Sunday, August 16, 2020

The Vicar of Wakefield by Oliver Goldsmith

The Vicar of Wakefield is the first and only novel of Oliver Goldsmith. I learned from Wikipedia, that Goldsmith was so poor after finishing the manuscript, that he could not pay his rent and was held hostage by his landlady. He sent for his close friend, a Dr. Samuel Johnson, who came and read Goldsmith's manuscript, found it worthy of publication, then sold it to a bookstore, and by giving the money to the landlady, freed poor Goldsmith.

Doctor Charles Primrose is the Vikar of Wakefield. He lives contentedly and comfortably in a country parish with his wife and seven children, thanks to his inheritance from a close relative and an investment. On the wedding night of his eldest son, George, with a wealthy girl, the vicar lost his fortunes through the bankruptcy of the investor, to whom he has invested the money. This is only the first of a series of calamities which will befall the family.

When they were on the journey to a small parish, where they would live a new life, Sophia - the youngest daughter - was thrown from the horse and nearly sunk into the river, but for the help of a Mr. Bulcher - a kind, sympathetic gentleman who has been travelling with the family.

The new landlord is the 'Squire Thornhill, who is infamously a womanizer. He introduced himself, to the family, befriended them, and seemed to be attracted the girls. Now, it's Mrs. Primrose's secret ambition to marry her two daughters - Olivia, the eldest and Sophia - to their better ones. She and the girls found hopes in Mr. Thornhill, and began to work up things to appear above their real circumstances, despite the vicar's disagreement. This brought more calamities to the family; until the vicar went to the debtor prison, and three of his children were apparently ruined. That's the deepest abyss any family could be plunged into. But don't worry, they will get salvation in the end, and the story will be closed in a happy ending.

The Vicar of Wakefield is a tale, and was intended as a comic novel. No wonder, the plot is too romantic and unreal. There are so many calamities alternately befall on the family, and with "perfect" timing too, that makes it unreal. Too many, that it instantly reminded me of Job (from the Book of Job). This style is not quite suitable for my taste (is most 18th century novels like that? I haven't read many, so I can't say). But the message is quite clear. Even if it's not, a parable told by one of the vicar's boys (I forgot which) highlights this single message Goldsmith wanted to convey. The parable is titled "A Giant and a Dwarf".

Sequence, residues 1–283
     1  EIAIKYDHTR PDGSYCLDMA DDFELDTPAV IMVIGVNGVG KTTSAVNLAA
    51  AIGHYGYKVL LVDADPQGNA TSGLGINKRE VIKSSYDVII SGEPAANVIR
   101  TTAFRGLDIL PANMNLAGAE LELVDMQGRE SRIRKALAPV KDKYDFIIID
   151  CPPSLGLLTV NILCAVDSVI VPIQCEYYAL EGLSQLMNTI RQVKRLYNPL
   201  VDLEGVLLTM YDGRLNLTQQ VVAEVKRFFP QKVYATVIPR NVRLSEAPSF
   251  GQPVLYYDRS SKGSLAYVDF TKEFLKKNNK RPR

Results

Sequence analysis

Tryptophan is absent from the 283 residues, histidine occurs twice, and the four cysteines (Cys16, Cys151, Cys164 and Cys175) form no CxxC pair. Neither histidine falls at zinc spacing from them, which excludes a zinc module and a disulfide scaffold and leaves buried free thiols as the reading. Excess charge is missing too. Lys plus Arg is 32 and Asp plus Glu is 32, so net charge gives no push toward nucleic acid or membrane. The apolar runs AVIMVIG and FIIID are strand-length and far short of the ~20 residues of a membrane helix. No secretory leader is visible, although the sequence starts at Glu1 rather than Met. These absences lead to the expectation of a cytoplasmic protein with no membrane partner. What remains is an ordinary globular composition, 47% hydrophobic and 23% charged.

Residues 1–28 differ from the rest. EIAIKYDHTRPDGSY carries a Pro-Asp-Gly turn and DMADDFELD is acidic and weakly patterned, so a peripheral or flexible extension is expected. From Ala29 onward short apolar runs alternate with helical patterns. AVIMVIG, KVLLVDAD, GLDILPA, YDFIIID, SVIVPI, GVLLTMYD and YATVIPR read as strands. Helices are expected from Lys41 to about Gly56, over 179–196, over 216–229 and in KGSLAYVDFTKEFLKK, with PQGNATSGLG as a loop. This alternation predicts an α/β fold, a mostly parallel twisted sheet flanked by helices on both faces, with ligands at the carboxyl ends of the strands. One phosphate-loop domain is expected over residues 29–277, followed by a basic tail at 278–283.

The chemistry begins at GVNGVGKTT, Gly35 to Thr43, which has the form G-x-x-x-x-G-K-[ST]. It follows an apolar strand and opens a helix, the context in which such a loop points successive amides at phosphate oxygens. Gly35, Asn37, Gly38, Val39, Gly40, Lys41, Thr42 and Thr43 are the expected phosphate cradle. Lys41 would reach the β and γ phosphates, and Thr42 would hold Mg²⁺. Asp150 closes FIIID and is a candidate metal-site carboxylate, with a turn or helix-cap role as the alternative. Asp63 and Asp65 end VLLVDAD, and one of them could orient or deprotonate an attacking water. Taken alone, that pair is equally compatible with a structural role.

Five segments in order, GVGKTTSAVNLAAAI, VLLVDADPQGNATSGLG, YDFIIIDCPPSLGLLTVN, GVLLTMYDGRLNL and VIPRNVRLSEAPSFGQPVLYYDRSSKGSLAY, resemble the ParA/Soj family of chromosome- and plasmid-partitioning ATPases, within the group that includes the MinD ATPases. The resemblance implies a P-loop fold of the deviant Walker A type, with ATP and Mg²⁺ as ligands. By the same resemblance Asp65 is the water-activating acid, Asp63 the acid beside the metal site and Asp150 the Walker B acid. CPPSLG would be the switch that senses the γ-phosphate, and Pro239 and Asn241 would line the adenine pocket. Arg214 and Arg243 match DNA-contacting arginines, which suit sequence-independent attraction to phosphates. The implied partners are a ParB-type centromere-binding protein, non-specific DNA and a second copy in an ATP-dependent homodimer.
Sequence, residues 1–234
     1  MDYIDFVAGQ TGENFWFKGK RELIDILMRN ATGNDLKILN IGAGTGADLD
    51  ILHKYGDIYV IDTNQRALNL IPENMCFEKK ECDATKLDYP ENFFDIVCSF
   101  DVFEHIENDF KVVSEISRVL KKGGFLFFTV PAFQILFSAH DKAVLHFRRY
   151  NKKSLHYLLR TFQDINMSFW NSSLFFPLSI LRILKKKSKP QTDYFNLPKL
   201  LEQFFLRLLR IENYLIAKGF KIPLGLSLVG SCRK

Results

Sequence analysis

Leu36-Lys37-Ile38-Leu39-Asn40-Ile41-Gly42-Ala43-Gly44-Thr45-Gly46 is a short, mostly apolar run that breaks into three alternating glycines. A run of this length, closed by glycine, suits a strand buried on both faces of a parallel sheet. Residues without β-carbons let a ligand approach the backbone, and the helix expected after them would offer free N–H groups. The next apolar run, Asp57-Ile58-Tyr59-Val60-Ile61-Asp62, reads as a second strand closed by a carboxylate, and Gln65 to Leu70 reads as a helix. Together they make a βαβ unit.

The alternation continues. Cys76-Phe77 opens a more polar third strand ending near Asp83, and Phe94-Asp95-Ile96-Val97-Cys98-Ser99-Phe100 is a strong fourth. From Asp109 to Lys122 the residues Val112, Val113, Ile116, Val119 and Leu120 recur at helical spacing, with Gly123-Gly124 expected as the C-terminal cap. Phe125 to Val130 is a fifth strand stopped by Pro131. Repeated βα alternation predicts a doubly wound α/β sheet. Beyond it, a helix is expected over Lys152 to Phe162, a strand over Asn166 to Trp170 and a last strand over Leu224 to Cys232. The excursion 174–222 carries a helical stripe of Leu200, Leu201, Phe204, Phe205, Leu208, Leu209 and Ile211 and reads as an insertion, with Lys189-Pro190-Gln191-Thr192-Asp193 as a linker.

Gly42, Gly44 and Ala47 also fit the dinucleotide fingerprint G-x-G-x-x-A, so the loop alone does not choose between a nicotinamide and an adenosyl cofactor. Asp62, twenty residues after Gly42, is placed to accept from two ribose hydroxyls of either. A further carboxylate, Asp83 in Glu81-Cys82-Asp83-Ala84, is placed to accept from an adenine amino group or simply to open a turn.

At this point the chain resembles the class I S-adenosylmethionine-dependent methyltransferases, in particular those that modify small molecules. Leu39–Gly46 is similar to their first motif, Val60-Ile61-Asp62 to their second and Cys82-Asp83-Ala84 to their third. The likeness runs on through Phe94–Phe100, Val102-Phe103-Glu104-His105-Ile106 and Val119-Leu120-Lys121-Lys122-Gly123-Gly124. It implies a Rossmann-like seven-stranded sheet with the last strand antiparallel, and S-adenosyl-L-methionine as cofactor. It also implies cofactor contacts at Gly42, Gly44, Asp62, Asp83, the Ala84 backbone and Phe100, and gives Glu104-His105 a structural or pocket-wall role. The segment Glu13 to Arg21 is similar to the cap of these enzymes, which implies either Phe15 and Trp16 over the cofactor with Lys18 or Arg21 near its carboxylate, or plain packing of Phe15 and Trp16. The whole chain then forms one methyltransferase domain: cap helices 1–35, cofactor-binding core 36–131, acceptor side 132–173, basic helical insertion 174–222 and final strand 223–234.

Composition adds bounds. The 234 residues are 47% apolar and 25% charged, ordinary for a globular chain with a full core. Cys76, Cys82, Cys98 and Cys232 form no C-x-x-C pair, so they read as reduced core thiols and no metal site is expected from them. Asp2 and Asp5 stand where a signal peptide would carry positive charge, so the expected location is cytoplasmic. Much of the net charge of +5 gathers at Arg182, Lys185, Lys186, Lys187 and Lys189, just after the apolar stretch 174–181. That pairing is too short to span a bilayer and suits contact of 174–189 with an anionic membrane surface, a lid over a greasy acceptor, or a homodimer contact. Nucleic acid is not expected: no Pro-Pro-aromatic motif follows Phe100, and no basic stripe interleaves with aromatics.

It's about two close friends, the giant and the dwarf, who, despite of their differences, decide to go for adventures together. However, with all his disadvantages, the dwarf sacrifices more that the giant, because to fight the same battle, the dwarf must take more effort than his friend, that in the end the reward doesn't worth the pain. And so, when the giant proposes to go for their last adventure, the dwarf rejects: [giant] 'My little heroe, this is glorious sport; let us get one victory more, and then we shall have honour for ever. No, cries the Dwarf who was by this time grown wiser, no, I declare off; I’ll fight no more; for I find in every battle that you get all the honour and rewards, but all the blows fall upon me.’ 

Most interestingly, the vicar didn't have time to 'preach' the morality of the parable. For otherwise, it would be very obvious that he's a hypocrite. And that's how clever Goldsmith was. For, by putting the pen in the vicar's hand, he couldn't have taken the role as the omniscience voice, and thus he'd let us readers to realize and learn it by ourselves. And that makes this satire becomes more satirical than if the tale has been told in first POV.

For me, it's an okay reading. Quite entertaining, though not of my taste.

Rating: 3,5 / 5


  1. I read this a few years ago and didn't care for it either. I also thought of the story of Job while reading this novel. It's one of those classics that I wanted to experience but cannot imagine feeling the urge to reread.

    1. I think I rarely love 18th century novel - but I don't read much of it. Is it the style? 19th century novels suit me better.


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